One of the things that really fascinated and even awed me after I asked for comments from readers of this Greek email list is that so many of you have taught yourselves Greek.
Now, my experience is not universal, but I judge learning languages on one’s own to be, let’s say, uncommon. When I tell people that I speak Spanish tolerably well, every one of them without exception says, “I took Spanish in high school, but I don’t remember a word of it.” (High school Spanish teachers, could you not at least get hola into their heads?)
I’m in print arguing that the real motivation most people have for learning Spanish, French, German, or Chinese is what sociologists who have studied second-language acquisition call “money.” But knowing Κοινή Greek is unlikely to bring fortune, as I know all too well.
So why do people who are done with school study a language whose native speakers are all so dead? What makes people turn off the TV—a choice that probably ought to be investigated by the House Un-American Activities Committee—and instead pull out a Κοινή Greek grammar book? Why do people learn Greek?
Because God spoke it.
Now I know it’s not quite that simple; I’m an ICBI kind of Christian familiar with the necessary theological distinctions. I know that God didn’t dictate the Bible to scribes but used the personalities and experiences and even the literary proclivities of the Scripture writers. I know that at least in books like Deuteronomy he used an editorial process (Moses didn’t write about his own death and burial). I also know that, as the KJV translators said,
The very meanest translation of the Bible in English, set forth by men of our profession, … containeth the word of God, nay, is the word of God.
Christians do not view the Bible the way Muslims view the Qur’an—as valid only in its original form. English (and Spanish, and French, and German, and Chinese) versions carry God’s authority.
But people who want to get closer to God, to understand him better, sometimes feel an impulse that nothing but the study of Greek (and Hebrew) can fulfill. They are frustrated when the precise import of a particular turn of phrase in Peter’s second epistle eludes them—because what God says matters to them. And they don’t want to teach the Bible to others without the particular kind of confidence that only comes from parsing the participles for yourself.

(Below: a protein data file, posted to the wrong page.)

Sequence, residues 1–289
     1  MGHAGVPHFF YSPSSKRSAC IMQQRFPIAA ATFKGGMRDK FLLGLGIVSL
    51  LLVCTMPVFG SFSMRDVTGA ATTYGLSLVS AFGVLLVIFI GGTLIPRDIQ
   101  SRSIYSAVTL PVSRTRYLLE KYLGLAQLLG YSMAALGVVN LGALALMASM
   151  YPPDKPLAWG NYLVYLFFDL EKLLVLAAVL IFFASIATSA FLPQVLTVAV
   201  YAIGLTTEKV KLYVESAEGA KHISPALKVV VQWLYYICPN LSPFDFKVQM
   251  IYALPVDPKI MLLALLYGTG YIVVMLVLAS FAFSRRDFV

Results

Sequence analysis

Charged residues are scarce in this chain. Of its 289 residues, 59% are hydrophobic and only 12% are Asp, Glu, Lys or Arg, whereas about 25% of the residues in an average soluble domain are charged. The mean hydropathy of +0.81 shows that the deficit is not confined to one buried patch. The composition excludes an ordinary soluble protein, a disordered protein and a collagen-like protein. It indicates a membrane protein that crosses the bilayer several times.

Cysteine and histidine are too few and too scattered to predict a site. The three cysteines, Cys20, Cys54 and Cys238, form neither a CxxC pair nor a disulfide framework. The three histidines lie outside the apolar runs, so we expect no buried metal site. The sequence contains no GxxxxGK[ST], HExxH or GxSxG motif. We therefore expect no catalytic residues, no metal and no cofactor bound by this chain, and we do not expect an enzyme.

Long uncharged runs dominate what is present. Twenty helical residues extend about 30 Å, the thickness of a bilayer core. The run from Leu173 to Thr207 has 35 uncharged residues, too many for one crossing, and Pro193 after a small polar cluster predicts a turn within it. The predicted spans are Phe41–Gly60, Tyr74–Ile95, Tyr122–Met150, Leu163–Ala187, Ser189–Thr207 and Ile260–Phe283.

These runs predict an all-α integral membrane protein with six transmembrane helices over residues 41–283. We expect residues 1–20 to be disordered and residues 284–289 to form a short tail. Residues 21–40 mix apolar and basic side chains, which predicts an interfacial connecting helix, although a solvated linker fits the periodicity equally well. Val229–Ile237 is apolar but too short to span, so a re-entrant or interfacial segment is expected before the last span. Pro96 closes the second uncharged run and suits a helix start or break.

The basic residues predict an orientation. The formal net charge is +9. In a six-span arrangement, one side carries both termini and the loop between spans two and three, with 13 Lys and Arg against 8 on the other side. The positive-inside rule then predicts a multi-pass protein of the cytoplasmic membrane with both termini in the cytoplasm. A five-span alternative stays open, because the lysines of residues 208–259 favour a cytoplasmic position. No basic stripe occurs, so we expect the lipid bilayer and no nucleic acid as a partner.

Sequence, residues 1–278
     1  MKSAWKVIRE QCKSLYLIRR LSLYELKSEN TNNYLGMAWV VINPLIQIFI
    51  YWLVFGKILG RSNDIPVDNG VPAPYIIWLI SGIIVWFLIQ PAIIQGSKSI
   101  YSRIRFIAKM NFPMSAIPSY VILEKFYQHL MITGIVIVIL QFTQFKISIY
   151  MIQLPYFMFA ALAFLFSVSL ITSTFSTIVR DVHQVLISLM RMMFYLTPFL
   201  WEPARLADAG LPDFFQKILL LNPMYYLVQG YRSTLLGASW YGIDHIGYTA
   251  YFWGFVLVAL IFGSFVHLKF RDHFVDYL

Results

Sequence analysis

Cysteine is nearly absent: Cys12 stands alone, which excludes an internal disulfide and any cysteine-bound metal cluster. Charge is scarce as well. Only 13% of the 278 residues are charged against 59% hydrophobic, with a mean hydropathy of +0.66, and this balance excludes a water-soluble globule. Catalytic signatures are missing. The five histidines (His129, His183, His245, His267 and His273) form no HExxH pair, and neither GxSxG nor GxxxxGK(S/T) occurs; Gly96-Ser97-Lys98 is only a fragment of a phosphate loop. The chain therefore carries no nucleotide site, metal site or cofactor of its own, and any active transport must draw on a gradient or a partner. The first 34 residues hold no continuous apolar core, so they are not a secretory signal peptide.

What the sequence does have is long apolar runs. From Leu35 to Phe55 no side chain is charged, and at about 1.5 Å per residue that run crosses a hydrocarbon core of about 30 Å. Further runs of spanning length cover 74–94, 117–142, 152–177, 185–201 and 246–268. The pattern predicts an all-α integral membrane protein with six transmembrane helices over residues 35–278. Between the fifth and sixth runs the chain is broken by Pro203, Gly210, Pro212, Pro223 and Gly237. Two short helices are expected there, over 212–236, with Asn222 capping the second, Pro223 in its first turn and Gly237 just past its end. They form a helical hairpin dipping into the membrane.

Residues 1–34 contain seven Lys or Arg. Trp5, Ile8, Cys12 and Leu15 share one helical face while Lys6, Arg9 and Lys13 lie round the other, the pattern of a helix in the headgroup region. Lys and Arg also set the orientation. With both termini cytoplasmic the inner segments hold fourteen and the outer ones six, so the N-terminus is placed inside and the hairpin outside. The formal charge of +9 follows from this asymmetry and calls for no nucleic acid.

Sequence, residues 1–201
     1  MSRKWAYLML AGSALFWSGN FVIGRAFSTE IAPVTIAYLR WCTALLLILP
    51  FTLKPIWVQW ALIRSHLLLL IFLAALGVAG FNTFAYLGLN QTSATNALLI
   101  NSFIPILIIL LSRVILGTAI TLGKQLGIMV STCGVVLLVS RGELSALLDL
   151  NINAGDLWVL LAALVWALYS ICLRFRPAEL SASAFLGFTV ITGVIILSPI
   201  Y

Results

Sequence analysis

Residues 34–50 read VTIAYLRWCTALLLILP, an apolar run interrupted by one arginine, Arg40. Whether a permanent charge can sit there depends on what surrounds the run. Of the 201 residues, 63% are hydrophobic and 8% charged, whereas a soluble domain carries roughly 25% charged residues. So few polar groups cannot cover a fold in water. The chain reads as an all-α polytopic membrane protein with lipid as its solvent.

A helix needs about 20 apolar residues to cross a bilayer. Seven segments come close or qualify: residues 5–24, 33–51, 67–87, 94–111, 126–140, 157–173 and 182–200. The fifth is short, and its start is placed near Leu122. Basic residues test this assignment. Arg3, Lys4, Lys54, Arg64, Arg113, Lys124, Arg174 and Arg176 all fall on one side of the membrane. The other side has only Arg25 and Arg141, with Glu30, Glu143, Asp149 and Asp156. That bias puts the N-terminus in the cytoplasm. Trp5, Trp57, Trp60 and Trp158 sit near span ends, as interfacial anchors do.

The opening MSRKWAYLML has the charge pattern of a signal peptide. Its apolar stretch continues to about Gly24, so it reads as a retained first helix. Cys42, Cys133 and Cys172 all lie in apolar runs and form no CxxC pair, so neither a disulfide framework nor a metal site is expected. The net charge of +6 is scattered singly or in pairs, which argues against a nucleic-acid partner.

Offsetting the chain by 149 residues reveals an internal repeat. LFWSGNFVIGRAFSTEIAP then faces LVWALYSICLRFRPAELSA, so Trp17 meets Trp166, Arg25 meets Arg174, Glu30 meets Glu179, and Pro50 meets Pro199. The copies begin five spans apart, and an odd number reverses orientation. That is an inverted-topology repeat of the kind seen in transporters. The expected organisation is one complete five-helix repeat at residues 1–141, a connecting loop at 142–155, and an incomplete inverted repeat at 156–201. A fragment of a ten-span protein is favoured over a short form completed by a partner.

Luther took Greek and Hebrew so seriously that he said, “We will not long preserve the gospel without the languages”! In a letter “To the Councilmen of All Cities in Germany That They Establish and Maintain Christian Schools,” Luther wrote,
The languages are the sheath in which this sword of the Spirit [Eph. 6:17] is contained; they are the casket in which this jewel is enshrined; they are the vessel in which this wine is held; they are the larder in which this food is stored; and, as the gospel itself points out [Matt. 14:20], they are the baskets in which are kept these loaves and fishes and fragments. If through our neglect we let the languages go (which God forbid!), we shall not only lose the gospel, but the time will come when we shall be unable either to speak or write a correct Latin or German.
Martin Luther, Luther’s Works, Vol. 45 : The Christian in Society II, ed. Jaroslav Pelikan (Philadelphia: Fortress Press, 1999), 360.
I’m wary of claiming too much for Greek and Hebrew, and so is Luther:
A simple preacher (it is true) has so many clear passages and texts available through translations that he can know and teach Christ, lead a holy life, and preach to others. (Ibid., 363)
But Luther’s 500-year-old opinion is still, it seems to me, valid today:
But when it comes to interpreting Scripture, and working with it on your own, and disputing with those who cite it incorrectly…; that cannot be done without languages. (Ibid., 363)
I care about linguistic minutiae in the Greek New Testament, but not as ends in themselves. Sometimes it helps to remind ourselves what our goal is in our work.
New Greek students, remind yourself why you’re slogging.
Experienced exegetes, remind yourself why you slogged.
If you’re studying on your own and want some help, Learn to Use Biblical Greek and Hebrew with Logos 6 is now available.